Works of Robin Gibson become focus of research project

20 May 2020

An interest in heritage and adaptive reuse led Lloyd Jones to undertake a PhD research project on architect, Robin Gibson. Lloyd joins us this week to tell us more about this important research work.

Tell us about your career path and how it has evolved over time?

I completed both my Bachelor and Masters degrees at the University of Queensland. During 4th year, I successfully applied to the Summer Research Scholarship program, having enjoyed the more focused research component of the Masters course. This was a turning point for me as the project I worked on over the summer involved researching post-war architecture in Queensland. I found it fascinating that there was so much world class architecture, right in my backyard! I continued to pursue this interest throughout the remainder of the degree.

During my time as a Masters student I was also drawn to the heritage and adaptive reuse projects run as design studios. I was able to put these skills into practice after graduating when I worked as a heritage consultant.

I was actually emailed about my PhD project by my supervisor, who thought I would be a good fit for the project. To me, Gibson was the ultimate post-war Queensland architect, having completed some of the most significant projects during this period. Although it wasn’t really my intention to do a PhD at this time, I jumped at this opportunity and successfully applied to the UQ HDR program. I have also been fortunate to continue working in architectural heritage throughout my PhD, both within the Queensland Department of Heritage and as a private consultant.

What’s your PhD about?

Lloyd Jones
Lloyd Jones has focused his research on architect Robin Gibson

My PhD aims to document the work of Robin Gibson. Gibson’s most well-known project is the Queensland Cultural Centre, located at Southbank in the heart of Brisbane, but he completed significant buildings throughout Queensland and interstate, even at the University of Queensland! Despite Gibson’s prominence, there has been very little written on Gibson, his complete body of work or the practice that carried his name, Robin Gibson & Partners.

My research aims to change this, drawing attention to how Gibson’s love of Brisbane – its climate, its historical context and the lifestyle of its people – manifested in his projects of various scales and types, all of which feature Gibson’s signature high standard of design and finish. My thesis examines not only the buildings themselves, but the structure of the practice, and the tensions that exist between Gibson as the principle architect of a major office, and the collaborative nature of architecture.

What does a typical day in the life of a PhD student look like?

I’m not sure there is a typical day for a PhD student! Everyone in the HDR cohort are doing such varied and amazing things that I’m not sure any of us ever have days which are too similar. My particular approach to this project has meant that although there are some days spent reading and writing, I spend a lot of time outside the office. One of my main research methods has been collecting oral histories and so I’ve been able to interview architects I’ve long admired, meet with former clients of Gibson’s as well as his friends and family. I’ve also been able to work closely with his personal archive and visit some amazing buildings.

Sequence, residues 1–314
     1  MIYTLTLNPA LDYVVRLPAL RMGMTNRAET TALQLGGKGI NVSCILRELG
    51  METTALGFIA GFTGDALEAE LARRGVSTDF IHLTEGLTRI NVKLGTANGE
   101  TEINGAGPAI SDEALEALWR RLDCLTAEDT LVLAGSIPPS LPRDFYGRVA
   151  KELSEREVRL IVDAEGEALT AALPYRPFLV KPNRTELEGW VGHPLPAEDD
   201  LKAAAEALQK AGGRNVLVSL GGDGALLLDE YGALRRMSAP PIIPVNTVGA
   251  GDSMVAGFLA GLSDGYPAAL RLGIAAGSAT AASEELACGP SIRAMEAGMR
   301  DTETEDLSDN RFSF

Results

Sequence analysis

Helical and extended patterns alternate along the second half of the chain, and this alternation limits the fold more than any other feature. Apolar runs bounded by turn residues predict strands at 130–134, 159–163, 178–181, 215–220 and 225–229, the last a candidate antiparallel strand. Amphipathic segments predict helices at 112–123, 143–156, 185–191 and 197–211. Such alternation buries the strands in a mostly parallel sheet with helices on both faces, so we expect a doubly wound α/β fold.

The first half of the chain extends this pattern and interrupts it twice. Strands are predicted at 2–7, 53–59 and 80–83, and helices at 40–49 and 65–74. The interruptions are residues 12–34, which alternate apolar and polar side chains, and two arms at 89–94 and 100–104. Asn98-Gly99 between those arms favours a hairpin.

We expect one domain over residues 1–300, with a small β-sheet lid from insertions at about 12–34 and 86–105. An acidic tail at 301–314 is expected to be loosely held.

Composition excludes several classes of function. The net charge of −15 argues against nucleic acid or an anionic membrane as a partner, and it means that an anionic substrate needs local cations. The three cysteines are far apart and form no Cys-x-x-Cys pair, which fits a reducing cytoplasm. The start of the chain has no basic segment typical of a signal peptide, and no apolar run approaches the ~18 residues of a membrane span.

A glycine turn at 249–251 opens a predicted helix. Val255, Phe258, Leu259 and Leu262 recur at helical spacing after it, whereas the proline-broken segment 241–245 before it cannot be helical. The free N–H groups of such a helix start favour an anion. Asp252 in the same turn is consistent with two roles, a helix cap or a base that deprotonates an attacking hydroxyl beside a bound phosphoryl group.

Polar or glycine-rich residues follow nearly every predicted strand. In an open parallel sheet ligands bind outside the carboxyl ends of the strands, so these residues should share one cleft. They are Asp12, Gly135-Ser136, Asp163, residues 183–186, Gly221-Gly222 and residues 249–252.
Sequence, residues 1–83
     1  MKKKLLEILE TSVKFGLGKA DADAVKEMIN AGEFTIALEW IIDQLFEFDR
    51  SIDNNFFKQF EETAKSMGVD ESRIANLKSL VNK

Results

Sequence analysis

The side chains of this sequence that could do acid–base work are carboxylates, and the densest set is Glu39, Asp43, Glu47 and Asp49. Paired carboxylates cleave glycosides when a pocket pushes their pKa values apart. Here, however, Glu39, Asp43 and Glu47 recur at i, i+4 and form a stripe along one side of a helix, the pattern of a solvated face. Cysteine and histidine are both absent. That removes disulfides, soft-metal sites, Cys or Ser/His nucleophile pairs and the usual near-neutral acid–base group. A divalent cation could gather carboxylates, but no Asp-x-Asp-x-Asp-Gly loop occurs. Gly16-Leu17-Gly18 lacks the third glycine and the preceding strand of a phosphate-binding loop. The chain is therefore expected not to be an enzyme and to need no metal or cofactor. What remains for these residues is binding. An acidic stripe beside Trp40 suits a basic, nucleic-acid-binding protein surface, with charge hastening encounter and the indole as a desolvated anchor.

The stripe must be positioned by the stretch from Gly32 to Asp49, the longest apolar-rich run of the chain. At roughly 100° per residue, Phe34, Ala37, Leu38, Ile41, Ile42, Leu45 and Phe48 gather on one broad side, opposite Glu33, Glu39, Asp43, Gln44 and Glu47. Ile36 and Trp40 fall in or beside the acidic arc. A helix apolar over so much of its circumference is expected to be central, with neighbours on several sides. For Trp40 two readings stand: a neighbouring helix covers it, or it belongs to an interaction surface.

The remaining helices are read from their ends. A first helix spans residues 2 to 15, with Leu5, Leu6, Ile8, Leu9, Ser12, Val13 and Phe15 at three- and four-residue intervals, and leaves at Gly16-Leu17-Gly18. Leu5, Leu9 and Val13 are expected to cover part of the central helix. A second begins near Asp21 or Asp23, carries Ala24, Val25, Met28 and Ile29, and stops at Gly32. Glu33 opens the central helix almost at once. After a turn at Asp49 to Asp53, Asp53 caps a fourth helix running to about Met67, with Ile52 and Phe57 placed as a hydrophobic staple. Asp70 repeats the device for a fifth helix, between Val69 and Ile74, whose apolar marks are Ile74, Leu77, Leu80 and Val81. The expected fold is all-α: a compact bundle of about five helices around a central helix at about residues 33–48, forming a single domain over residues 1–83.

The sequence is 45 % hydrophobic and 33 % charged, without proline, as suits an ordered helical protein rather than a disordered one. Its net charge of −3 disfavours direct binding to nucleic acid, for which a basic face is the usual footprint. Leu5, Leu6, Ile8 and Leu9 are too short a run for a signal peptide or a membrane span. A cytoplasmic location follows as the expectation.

Throughout my PhD, I’ve tried to engage the public with my research as much as possible. I’ve done walking tours of Gibson’s work in the CBD for Brisbane Open House, appeared on ABC Radio and was even asked to speak at the re-opening of Gibson’s Central Library at UQ after it was renovated in 2019.

What are you enjoying most about studying at UQ?

The research culture within the School of Architecture is really strong. There are so many really interesting and varied research projects which both faculty staff and other HDR students are working on, including traditional historical and archival based research as well as design and materials focused research. This makes for a really rich research culture and interesting discussions around the espresso maker!

There are also so many opportunities offered to UQ, HDR students. For example, in 2018 I was fortunate to receive the UQ Guilford Bell Scholarship. I used this grant to recreate Gibson’s 1973 tour of international art galleries, spending 5 weeks abroad on a whirlwind trip, visiting galleries in England, Denmark, The Netherlands and the USA.

What advice would you offer students looking to start a PhD?

Some weeks it will feel like very little progress has been made, try not to get too hung up on this, as other weeks it will feel like you’re making breakthrough after breakthrough.

Remember, it’s a marathon not a sprint, and every step however small, will help you get you to where you want to be. Also, take the time to get to know your fellow students.

​What might sound like a completely different research project or approach could actually lead to some really exciting collaborations.